I had read about the new Acton MBA a few months back, but couldn’t remember where. Tonight I found a great article about this unique MBA/entrepreneurship program — founded by some UT Austin Profs/Entrepreneurs.
I am so happy to see this because one of my biggest complaints about academia is the lack of entrepreneurship that occurs within it. Trying to do things differently is frowned upon. Stick to the traditional literature and theories, blah, blah. From the Chronicle of Higher Education:
“Far too often, students learn to regurgitate what a professor tells them,” says Jeff Sandefer, the third-generation Texas oilman and former University of Texas at Austin entrepreneurship professor who co-founded the school.
At Acton, students complete M.B.A.’s in one year rather than the traditional two. “They develop a real respect for the difficulty of sales,” he says. “A lot of times, M.B.A. students think of themselves as being above the sales force. It’s not easy to be told ‘no’ 99 times and to have to stand up, put your ego aside, and ask again.”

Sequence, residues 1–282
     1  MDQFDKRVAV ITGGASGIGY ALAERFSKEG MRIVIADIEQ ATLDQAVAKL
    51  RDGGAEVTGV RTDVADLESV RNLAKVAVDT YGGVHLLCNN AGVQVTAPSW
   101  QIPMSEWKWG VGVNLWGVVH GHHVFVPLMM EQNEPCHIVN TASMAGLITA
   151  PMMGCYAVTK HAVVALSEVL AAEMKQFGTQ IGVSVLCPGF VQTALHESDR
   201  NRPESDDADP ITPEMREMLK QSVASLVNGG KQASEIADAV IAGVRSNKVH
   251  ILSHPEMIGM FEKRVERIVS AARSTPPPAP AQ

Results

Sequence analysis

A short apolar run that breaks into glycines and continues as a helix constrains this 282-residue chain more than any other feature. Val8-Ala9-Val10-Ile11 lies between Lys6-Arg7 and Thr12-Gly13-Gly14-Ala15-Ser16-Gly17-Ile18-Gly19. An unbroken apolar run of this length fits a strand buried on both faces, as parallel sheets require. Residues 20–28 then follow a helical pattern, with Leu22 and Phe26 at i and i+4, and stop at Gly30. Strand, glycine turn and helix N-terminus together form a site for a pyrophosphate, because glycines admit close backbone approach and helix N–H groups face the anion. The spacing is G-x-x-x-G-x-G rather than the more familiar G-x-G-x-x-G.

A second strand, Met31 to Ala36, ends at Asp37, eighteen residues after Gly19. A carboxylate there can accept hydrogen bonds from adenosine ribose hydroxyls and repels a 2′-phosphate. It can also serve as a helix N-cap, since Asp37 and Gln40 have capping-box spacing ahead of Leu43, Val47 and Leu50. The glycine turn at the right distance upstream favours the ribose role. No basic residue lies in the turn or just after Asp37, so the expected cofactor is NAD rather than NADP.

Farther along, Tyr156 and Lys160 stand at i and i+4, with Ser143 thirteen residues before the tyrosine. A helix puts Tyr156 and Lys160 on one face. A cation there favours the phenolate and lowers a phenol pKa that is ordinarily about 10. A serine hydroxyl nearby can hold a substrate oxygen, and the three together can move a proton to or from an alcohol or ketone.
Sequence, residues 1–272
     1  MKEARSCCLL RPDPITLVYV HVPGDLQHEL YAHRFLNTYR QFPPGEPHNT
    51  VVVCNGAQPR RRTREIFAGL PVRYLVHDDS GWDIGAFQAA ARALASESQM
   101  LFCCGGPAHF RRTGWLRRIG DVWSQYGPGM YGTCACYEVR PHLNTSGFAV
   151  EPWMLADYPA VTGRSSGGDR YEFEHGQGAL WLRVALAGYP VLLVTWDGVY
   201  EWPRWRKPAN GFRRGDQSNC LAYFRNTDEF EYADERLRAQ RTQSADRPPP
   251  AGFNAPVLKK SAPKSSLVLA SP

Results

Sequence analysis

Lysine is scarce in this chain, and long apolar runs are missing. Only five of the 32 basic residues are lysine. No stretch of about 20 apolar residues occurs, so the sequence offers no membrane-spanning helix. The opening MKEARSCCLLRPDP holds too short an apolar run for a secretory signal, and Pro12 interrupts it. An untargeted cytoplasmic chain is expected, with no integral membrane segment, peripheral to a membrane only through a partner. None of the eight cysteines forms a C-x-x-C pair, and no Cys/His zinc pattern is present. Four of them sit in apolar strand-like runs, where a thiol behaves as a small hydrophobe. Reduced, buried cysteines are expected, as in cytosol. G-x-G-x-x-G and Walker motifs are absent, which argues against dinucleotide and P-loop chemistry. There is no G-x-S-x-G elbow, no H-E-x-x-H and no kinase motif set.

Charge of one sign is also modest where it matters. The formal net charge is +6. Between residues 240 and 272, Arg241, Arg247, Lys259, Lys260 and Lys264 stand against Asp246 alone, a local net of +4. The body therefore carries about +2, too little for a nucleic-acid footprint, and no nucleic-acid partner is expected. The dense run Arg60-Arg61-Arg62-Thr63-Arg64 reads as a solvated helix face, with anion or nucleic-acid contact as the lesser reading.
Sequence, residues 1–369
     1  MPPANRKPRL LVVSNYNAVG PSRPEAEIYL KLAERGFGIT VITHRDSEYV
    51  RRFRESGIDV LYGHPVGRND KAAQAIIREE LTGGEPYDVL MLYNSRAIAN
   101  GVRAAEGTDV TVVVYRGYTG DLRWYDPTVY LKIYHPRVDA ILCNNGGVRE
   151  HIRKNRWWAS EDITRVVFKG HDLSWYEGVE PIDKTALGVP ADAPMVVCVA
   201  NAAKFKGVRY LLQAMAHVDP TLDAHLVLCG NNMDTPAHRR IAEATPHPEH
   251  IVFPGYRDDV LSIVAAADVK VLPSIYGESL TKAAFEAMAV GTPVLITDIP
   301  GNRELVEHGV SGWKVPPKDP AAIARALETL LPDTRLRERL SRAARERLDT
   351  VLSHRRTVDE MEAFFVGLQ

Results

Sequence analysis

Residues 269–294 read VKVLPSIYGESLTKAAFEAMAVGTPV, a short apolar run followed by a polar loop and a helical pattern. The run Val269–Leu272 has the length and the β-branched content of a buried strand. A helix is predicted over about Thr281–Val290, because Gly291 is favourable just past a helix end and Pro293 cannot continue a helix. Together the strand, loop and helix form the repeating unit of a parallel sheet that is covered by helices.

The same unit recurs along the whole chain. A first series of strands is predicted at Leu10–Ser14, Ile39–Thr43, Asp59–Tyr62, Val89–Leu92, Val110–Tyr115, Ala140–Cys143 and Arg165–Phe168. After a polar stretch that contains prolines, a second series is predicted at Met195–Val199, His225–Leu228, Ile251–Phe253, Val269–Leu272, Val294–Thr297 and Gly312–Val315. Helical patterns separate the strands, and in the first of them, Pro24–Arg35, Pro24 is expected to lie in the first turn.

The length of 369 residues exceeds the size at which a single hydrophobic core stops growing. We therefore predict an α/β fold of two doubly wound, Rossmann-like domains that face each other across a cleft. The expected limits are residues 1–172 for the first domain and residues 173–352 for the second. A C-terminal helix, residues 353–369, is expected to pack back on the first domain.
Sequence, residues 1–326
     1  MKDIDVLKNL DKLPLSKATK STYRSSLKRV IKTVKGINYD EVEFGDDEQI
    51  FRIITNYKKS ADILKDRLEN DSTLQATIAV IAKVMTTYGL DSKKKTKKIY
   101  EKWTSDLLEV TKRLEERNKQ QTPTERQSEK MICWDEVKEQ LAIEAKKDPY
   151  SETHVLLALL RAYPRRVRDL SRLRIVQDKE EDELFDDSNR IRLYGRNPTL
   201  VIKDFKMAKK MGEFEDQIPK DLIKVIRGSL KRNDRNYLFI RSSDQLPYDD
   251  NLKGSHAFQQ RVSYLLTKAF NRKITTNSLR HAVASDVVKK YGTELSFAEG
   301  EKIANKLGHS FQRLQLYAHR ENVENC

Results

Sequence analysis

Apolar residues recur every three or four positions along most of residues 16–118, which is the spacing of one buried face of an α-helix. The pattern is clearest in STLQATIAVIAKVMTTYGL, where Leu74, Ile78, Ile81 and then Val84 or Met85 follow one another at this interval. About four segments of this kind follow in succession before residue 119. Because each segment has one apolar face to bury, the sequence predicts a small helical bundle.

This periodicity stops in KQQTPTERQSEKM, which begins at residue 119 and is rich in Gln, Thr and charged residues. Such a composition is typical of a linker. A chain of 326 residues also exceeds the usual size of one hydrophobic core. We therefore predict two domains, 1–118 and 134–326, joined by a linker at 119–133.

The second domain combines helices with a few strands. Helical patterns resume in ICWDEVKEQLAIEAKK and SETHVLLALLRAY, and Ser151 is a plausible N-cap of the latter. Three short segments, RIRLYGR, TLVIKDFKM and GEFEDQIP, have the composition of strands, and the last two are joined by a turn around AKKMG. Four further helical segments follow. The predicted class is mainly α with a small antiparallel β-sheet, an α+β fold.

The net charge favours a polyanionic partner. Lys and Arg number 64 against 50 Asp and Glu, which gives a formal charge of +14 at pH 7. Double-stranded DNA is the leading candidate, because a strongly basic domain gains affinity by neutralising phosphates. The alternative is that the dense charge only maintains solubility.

There is no tenure at Acton. Its faculty members, all of whom are entrepreneurs, do not lecture or do research. They earn $5,000 per course, plus a bonus determined entirely by student evaluations. Each year the professor with the lowest grade is given the boot.
Students who complete the degree get a fellowship that refunds their entire $35,000 tuition. If they’re satisfied with their education, they agree to pay 10 percent of their salaries until the fellowship is paid back. If they aren’t happy, they don’t pay.
In 2002, Mr. Sandefer and three other professors left the entrepreneurship program they had developed at the University of Texas to start the Acton School.
For a year, it was housed at St. Edward’s University, in Austin, but its unconventional practices made for uncomfortable bedfellows.
“It was a great experiment and a good opportunity for both parties while it lasted, but it was not a good match,” said Mischelle Diaz, a St. Edwards spokeswoman.